Microsoft dropped a surprise on us today by releasing Windows Server 2022 to no fanfare at all. It’s been released today 18th August 2021, it will have mainstream support until the 13th October 2026 and will be considered end of life on the 14th October 2031 (how are we talking about the 2030’s already?!). This is evidenced in Microsoft’s updated Windows Server Release Information document.
If you’re looking to grab an evaluation copy of Windows Server 2022 you can do so here. Alternatively if you have a suitable agreement with Microsoft you can also download a copy from VLSC or MSDN.
Interested to learn what’s new in Windows Server 2022? You can check out Microsoft’s post on the subject here. IMPORTANT: Microsoft are making TPM 2.0 support mandatory, if you’re looking to install onto existing hardware, be sure you meet the hardware requirements.
Realistically it’s going to be premature to start migrating your entire environment to Windows Server 2022, but in the interest of helping you work out where your support status is, consider the following.
VMware have “Tech Preview” status for Windows Server 2022 at present, meaning that as Microsoft have only just made Windows Server 2022 “Generally Available” (GA), there may be some blocking issues that need resolving by Microsoft or VMware may be required to release a patch to support this operating system (OS). You can track the status of VMware’s support for this OS via this link.
Note: The following information is subject to change. At present it appears VMware are targeting support for ESXi 6.7U2 and above as the minimum requirement to run Windows Server 2022.
Update 03/09/2021: VMware have changed the support status of Windows Server 2022, removing the support consideration of “Tech Preview”, leading to full support from ESXi 6.7 U2 onwards.
Microsoft haven’t yet updated their documentation to reflect the minimum requirements, at present their Microsoft Docs article only lists virtual machines supported for Windows Server 2019 and below as well as Windows 10 and below. It is a reasonable assumption you will be able to virtualise Windows Server 2022 on Hyper-V 2022 however we won’t know about backwards compatibility until Microsoft update the article.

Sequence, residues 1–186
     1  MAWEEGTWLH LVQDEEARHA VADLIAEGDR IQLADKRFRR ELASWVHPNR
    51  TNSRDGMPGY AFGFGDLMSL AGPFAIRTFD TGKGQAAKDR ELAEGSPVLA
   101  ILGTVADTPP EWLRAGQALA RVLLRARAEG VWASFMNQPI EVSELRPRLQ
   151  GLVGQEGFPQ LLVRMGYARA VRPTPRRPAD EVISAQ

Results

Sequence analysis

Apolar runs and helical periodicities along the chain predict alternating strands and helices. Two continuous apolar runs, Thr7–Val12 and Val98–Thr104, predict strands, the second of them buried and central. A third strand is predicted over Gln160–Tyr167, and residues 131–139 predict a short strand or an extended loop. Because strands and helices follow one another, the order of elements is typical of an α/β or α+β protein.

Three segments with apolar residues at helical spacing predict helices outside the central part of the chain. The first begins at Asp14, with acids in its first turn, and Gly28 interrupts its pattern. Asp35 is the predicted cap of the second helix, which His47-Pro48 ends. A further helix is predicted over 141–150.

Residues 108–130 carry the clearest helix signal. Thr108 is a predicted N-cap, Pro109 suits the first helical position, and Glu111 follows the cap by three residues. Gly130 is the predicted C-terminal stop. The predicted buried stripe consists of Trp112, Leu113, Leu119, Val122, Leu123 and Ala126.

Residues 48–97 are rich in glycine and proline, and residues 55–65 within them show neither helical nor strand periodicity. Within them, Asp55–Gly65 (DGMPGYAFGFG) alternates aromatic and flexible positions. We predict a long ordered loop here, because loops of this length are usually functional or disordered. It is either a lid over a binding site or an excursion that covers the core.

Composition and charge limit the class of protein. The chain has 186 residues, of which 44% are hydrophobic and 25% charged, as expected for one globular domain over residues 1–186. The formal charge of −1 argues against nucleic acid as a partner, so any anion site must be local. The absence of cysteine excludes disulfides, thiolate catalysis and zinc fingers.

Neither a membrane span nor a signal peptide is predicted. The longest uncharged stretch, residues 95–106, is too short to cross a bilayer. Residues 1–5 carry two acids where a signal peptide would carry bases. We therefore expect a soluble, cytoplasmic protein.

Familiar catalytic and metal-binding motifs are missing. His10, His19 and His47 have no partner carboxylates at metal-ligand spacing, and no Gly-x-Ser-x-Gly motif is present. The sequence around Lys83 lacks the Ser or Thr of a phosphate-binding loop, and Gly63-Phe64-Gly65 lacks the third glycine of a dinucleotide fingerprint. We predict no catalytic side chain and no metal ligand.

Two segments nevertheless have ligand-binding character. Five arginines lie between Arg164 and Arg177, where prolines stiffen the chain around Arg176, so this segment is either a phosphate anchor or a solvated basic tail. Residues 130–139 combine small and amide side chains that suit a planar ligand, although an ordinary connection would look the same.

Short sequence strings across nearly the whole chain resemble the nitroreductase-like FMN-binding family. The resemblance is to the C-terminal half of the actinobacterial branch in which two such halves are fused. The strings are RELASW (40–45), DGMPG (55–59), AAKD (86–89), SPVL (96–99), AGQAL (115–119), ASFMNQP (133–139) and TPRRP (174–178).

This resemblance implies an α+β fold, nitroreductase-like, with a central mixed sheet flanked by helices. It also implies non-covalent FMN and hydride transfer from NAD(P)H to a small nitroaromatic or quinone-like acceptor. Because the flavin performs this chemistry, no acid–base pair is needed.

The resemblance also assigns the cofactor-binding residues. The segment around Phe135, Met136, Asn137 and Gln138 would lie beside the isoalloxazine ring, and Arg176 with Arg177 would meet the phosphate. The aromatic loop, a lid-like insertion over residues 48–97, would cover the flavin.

Bare Metal/Physical Installation
At present none of the major hardware manufacturers I’ve checked have released any lists detailing which platforms will support Windows Server 2022, I’ll aim to update this blog post as information becomes available. If you want to see if your system will run Windows Server 2022 with or without vendor support, see my link to the hardware requirements above.
Update 21/08/2021: Dell haven’t released a list of supported hardware for Windows Server 2022 yet. However their 15th generation servers are starting to show driver support, indicating these will be supported running Windows Server 2022. At present this shouldn’t be interpreted as full support. Dell have changed the default offerings for their servers in January 2021 to include TPM 2.0 which is a mandatory requirement for Windows Server 2022. As a result of the Dell 15th generation PowerEdge servers being released after this date, these servers should support Windows Server 2022 unless the TPM 2.0 device has been deliberately removed from the configuration. Should the 14th generation servers be supported too, they may require the addition of a TPM 2.0 module if this wasn’t included with the server, though at present Dell are showing no drivers for Windows Server 2022 on 14th generation.